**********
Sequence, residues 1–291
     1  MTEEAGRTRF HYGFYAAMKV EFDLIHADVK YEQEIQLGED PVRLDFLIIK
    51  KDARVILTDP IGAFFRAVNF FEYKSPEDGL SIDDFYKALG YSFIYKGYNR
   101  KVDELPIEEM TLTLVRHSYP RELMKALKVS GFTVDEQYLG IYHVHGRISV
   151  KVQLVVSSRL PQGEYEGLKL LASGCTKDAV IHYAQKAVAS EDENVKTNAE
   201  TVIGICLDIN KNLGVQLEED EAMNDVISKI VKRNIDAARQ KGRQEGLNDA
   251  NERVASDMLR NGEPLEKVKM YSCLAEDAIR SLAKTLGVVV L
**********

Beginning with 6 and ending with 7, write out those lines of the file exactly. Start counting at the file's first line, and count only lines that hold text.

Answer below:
   201  TVIGICLDIN KNLGVQLEED EAMNDVISKI VKRNIDAARQ KGRQEGLNDA
   251  NERVASDMLR NGEPLEKVKM YSCLAEDAIR SLAKTLGVVV L